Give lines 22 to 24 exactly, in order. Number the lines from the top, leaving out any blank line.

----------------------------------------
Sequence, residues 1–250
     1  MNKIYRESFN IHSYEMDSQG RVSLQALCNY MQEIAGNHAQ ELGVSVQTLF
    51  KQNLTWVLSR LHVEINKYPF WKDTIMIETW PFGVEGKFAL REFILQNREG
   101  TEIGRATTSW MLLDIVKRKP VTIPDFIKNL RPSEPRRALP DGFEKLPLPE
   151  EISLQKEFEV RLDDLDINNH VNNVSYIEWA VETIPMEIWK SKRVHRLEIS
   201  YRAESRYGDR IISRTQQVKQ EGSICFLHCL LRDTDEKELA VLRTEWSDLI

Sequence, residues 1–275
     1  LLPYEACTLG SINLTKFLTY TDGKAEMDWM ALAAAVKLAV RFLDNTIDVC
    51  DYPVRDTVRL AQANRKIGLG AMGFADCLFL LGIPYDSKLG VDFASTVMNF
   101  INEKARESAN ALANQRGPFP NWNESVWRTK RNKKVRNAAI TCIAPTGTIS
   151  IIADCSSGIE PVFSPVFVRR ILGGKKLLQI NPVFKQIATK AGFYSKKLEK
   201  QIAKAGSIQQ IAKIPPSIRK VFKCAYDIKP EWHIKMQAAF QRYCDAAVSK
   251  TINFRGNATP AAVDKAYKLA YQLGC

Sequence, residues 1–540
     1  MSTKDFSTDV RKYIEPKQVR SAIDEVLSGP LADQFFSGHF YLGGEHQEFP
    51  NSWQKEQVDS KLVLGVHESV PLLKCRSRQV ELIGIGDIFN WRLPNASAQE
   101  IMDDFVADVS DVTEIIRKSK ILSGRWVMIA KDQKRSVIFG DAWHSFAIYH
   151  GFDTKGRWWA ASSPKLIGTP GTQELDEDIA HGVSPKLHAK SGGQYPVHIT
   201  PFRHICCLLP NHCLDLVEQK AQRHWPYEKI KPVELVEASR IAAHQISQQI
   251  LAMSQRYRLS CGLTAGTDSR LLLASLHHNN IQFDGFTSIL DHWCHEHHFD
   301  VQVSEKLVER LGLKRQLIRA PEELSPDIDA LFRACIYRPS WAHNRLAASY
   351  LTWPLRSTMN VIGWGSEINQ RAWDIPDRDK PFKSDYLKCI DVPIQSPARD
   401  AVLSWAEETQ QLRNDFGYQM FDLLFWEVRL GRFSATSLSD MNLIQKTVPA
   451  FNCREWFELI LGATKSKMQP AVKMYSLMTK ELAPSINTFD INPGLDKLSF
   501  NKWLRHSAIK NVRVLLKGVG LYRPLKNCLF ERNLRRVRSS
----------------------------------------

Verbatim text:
   351  LTWPLRSTMN VIGWGSEINQ RAWDIPDRDK PFKSDYLKCI DVPIQSPARD
   401  AVLSWAEETQ QLRNDFGYQM FDLLFWEVRL GRFSATSLSD MNLIQKTVPA
   451  FNCREWFELI LGATKSKMQP AVKMYSLMTK ELAPSINTFD INPGLDKLSF